TULSA, OKLA. The wealthy sons of the founder of Koch Industries declared peace Friday after two decades of fighting and vowed never to pit their companies against each other in court again.
A federal judge's approval this week in Tulsa of a settlement in an oil-buying case is intended to end all litigation "past, present and future" between Bill Koch and Koch Industries, said Jay Rosser, spokesman for the Wichita, Kan.-based company.
"We fully expect that both parties will abide by this agreement and that it will result in permanent and long-lasting peace for all concerned," Rosser said.
Bill Koch successfully sued Koch Industries in federal court in northern Oklahoma in 1999, accusing the energy company of stealing oil from federal and Indian lands.
Bill Koch's brother, Charles, is chairman of the company and brother David is executive vice president. A fourth Koch brother, Frederick, was not a party to the Tulsa case but had teamed with Bill Koch in another dispute.
The parties agreed not to disclose the terms of the settlement, which was approved by U.S. District Judge Terry Kern.
"The litigation of the past two decades has been a painful experience for the employees of both companies," Koch Industries and Bill Koch's Oxbow Corp. said in a joint statement. "We are pleased that everyone can now focus on growing our respective businesses free from these legal distractions."
A spokesman for Bill Koch said the 61-year-old also holds the truce as the end to all litigation.
"We're elated," Brad Goldstein said. "I think all the parties are happy."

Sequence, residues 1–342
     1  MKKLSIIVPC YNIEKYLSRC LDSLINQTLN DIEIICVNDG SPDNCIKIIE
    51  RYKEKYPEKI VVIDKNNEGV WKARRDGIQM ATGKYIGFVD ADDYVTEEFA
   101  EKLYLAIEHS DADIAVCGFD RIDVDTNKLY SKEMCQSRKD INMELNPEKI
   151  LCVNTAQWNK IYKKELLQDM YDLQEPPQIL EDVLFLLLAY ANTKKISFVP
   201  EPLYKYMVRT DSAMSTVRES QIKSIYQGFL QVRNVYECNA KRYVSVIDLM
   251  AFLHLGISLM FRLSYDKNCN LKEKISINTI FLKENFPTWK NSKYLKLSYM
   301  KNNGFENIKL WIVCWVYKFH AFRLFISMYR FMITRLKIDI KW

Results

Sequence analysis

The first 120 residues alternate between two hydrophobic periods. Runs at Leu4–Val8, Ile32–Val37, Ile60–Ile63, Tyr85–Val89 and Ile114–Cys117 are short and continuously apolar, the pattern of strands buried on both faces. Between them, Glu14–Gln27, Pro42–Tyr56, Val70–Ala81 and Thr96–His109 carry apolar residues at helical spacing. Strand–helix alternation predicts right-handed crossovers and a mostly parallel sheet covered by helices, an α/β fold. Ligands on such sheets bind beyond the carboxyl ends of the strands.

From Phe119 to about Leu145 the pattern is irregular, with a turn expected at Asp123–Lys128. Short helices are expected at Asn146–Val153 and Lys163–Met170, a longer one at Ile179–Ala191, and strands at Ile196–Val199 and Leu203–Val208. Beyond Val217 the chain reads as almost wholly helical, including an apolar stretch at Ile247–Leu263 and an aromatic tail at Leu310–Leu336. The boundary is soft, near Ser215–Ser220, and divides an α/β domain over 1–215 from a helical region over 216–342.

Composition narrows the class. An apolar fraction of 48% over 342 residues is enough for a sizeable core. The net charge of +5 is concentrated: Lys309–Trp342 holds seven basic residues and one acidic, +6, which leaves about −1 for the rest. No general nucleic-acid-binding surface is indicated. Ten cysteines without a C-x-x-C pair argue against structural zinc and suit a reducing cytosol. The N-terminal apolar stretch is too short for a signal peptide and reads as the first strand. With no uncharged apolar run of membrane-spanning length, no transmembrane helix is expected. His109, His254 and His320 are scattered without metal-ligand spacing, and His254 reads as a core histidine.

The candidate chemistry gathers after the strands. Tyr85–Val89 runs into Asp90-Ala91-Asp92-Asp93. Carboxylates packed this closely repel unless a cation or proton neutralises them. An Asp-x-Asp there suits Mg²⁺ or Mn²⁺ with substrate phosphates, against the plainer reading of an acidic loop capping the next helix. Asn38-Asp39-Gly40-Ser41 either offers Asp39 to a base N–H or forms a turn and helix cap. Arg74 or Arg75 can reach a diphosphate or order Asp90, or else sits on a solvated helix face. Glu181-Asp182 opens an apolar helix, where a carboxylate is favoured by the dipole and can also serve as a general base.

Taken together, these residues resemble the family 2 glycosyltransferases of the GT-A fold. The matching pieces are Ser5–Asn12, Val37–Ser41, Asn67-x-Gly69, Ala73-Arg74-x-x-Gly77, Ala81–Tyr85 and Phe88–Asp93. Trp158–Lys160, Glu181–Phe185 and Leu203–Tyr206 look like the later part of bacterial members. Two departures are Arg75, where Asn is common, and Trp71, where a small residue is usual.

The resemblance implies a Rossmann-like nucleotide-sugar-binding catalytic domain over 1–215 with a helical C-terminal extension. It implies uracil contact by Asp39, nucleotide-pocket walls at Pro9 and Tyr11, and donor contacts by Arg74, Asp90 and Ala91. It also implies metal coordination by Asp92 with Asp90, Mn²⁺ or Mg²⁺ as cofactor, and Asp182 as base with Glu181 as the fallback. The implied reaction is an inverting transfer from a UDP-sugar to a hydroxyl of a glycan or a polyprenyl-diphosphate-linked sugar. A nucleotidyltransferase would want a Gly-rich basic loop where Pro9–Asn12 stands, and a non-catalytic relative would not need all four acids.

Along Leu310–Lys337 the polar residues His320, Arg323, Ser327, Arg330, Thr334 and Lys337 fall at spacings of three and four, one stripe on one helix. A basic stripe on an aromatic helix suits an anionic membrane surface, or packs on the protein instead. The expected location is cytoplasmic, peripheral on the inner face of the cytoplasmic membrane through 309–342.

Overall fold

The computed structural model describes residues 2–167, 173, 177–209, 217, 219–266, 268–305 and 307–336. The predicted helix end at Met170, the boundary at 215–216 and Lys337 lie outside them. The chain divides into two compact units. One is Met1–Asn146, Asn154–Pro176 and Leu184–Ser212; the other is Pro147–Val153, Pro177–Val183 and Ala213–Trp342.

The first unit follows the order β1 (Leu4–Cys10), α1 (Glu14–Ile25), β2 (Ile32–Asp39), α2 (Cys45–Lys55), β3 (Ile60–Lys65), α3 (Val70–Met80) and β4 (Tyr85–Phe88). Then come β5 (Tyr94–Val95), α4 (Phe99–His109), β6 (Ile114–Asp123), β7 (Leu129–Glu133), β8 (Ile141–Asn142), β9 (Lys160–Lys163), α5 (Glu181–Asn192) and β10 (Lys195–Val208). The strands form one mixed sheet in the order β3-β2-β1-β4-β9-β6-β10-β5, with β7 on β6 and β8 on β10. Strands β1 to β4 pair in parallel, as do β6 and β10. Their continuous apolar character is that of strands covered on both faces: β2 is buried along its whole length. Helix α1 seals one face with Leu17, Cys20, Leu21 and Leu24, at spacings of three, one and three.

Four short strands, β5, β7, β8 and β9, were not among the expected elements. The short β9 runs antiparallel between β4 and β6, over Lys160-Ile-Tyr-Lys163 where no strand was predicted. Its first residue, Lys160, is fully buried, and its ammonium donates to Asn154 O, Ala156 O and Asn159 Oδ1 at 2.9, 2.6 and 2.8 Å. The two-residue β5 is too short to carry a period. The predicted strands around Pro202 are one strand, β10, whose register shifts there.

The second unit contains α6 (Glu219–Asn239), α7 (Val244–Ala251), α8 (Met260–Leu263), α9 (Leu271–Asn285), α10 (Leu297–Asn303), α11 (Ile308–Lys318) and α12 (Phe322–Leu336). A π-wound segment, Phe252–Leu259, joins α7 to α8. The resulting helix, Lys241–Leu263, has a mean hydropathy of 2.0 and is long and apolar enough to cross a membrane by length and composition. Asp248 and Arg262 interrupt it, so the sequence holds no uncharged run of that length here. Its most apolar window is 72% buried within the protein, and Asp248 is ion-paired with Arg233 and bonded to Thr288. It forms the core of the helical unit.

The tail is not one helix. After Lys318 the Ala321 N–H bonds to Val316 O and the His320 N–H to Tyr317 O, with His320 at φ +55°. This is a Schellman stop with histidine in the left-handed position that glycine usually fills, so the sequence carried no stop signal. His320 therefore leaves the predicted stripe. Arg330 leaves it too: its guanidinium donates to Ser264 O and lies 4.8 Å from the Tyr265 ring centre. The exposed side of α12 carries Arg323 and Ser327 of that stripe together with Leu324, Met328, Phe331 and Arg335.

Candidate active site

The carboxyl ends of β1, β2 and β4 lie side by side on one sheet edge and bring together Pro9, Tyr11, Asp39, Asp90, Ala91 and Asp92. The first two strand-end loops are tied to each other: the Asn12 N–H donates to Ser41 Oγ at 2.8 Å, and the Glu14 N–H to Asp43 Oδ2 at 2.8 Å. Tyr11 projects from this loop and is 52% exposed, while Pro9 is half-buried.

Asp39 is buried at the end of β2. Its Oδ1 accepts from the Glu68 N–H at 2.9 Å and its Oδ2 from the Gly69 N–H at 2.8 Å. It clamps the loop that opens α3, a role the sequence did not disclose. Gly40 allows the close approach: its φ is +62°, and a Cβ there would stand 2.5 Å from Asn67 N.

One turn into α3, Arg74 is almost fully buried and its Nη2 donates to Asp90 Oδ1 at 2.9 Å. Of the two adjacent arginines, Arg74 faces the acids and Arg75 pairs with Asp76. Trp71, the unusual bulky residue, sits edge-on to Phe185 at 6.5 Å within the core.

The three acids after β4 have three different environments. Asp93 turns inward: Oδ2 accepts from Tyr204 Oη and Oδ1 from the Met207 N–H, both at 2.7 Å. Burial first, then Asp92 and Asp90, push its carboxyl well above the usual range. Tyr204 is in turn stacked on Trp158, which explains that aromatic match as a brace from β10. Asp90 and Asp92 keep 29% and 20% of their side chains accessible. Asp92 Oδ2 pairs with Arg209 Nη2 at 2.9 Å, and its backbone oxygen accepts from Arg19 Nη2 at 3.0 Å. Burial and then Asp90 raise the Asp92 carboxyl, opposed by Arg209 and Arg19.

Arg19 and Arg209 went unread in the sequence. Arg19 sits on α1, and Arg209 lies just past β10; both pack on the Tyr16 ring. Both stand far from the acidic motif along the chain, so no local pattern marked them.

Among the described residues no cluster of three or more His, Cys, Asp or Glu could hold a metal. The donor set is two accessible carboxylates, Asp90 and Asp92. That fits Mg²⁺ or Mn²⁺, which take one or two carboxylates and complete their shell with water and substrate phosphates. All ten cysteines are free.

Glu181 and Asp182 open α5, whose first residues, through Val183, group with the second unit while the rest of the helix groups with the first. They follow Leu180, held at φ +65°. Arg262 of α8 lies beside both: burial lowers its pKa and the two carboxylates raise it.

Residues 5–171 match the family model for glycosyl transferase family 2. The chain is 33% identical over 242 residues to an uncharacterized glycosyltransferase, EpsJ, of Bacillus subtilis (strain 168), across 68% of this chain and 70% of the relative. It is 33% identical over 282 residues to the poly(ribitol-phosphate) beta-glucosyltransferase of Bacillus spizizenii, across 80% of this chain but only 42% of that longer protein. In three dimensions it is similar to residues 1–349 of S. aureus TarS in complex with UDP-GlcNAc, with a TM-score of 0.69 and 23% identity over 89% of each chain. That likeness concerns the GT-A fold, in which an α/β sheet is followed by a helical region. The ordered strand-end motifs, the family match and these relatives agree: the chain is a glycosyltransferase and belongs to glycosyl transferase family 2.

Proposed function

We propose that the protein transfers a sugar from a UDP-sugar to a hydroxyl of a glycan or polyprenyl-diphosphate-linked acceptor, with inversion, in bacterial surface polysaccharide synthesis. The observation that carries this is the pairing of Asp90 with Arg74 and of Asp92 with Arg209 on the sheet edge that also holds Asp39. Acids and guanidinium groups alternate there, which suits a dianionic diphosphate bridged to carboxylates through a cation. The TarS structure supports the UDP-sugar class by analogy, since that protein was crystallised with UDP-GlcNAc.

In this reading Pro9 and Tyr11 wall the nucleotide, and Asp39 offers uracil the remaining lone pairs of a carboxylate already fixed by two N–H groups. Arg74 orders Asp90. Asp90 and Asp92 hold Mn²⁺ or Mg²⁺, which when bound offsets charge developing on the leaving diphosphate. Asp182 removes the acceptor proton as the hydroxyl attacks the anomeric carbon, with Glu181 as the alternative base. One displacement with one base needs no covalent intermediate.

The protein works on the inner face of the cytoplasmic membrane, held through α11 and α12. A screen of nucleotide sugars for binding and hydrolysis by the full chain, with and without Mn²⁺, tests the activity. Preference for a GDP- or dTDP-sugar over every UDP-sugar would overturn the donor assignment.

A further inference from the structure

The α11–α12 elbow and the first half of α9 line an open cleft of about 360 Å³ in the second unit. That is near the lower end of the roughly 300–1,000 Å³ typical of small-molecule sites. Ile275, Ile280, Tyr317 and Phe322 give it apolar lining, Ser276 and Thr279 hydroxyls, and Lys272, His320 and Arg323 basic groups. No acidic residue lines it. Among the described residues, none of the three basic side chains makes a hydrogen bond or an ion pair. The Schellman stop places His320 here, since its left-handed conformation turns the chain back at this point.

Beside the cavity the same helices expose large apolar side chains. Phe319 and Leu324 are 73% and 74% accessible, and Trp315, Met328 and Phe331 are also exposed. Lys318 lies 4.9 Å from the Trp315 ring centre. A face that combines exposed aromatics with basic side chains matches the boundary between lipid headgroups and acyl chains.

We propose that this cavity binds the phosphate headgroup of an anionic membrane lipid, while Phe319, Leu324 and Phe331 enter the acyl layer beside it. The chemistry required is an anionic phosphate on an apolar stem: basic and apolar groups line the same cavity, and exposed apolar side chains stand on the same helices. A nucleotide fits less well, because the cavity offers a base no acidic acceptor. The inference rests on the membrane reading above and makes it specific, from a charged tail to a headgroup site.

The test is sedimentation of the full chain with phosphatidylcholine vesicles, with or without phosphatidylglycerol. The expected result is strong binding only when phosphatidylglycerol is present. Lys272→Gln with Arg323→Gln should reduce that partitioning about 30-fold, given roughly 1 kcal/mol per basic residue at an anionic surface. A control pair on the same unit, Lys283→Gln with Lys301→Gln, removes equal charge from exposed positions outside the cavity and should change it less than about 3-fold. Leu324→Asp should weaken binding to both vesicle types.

Neither Rosser nor Goldstein would comment on whether the agreement signaled the end of the personal strife between the brothers. Neither Koch was available for comment.
"The past 20 years of litigation between Oxbow and Koch Industries has benefitted no one," Rosser said. "It's clearly been a distraction to our businesses and our company's employees. There's a sense of satisfaction here that at long last we might be able to devote our complete attention to business."
The brothers met face-to-face for some of the negotiations, Goldstein said.
Bill Koch sued his older brother's company on behalf of the government under the federal False Claims Act, a move requiring the U.S. Justice Department to sign off on a settlement.
A Tulsa jury found that Koch Industries underreported the amount and quality of oil purchased between 1985 and 1989 from federal and Indian leases.
Jurors recommended the company pay the government $553,504 in compensation, but that figure could have been tripled under federal statute. Kern also could have considered as much as $214 million in penalties on 24,587 claims jurors deemed to be false.
Bill and Frederick Koch also took Charles and David to court in 1998. They argued during an 11-week trial in Topeka that the brothers had shortchanged them in the sale of their father's company in 1983.
Their late father, Fred C. Koch, founded the company in 1940.